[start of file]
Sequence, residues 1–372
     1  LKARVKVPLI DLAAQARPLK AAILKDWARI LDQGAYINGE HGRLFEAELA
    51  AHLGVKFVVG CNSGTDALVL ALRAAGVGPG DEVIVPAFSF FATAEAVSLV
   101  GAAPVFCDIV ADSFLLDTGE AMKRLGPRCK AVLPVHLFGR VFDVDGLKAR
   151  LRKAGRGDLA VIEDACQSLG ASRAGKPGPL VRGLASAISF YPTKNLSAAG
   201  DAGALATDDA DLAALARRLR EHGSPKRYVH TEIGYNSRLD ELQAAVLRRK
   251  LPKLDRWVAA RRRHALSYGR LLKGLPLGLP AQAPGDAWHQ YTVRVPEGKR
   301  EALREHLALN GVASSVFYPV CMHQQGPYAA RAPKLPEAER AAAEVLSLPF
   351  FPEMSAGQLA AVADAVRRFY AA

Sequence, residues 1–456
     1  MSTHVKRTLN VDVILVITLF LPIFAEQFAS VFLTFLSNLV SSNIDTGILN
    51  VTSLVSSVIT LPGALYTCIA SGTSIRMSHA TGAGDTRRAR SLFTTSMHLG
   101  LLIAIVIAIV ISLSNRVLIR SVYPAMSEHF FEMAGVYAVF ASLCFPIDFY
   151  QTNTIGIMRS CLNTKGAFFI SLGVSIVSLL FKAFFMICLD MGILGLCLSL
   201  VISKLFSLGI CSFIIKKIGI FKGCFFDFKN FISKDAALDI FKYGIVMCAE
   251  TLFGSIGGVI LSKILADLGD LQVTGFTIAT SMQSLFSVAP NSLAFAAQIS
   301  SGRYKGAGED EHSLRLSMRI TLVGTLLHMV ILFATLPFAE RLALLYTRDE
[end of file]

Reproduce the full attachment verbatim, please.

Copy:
Sequence, residues 1–372
     1  LKARVKVPLI DLAAQARPLK AAILKDWARI LDQGAYINGE HGRLFEAELA
    51  AHLGVKFVVG CNSGTDALVL ALRAAGVGPG DEVIVPAFSF FATAEAVSLV
   101  GAAPVFCDIV ADSFLLDTGE AMKRLGPRCK AVLPVHLFGR VFDVDGLKAR
   151  LRKAGRGDLA VIEDACQSLG ASRAGKPGPL VRGLASAISF YPTKNLSAAG
   201  DAGALATDDA DLAALARRLR EHGSPKRYVH TEIGYNSRLD ELQAAVLRRK
   251  LPKLDRWVAA RRRHALSYGR LLKGLPLGLP AQAPGDAWHQ YTVRVPEGKR
   301  EALREHLALN GVASSVFYPV CMHQQGPYAA RAPKLPEAER AAAEVLSLPF
   351  FPEMSAGQLA AVADAVRRFY AA

Sequence, residues 1–456
     1  MSTHVKRTLN VDVILVITLF LPIFAEQFAS VFLTFLSNLV SSNIDTGILN
    51  VTSLVSSVIT LPGALYTCIA SGTSIRMSHA TGAGDTRRAR SLFTTSMHLG
   101  LLIAIVIAIV ISLSNRVLIR SVYPAMSEHF FEMAGVYAVF ASLCFPIDFY
   151  QTNTIGIMRS CLNTKGAFFI SLGVSIVSLL FKAFFMICLD MGILGLCLSL
   201  VISKLFSLGI CSFIIKKIGI FKGCFFDFKN FISKDAALDI FKYGIVMCAE
   251  TLFGSIGGVI LSKILADLGD LQVTGFTIAT SMQSLFSVAP NSLAFAAQIS
   301  SGRYKGAGED EHSLRLSMRI TLVGTLLHMV ILFATLPFAE RLALLYTRDE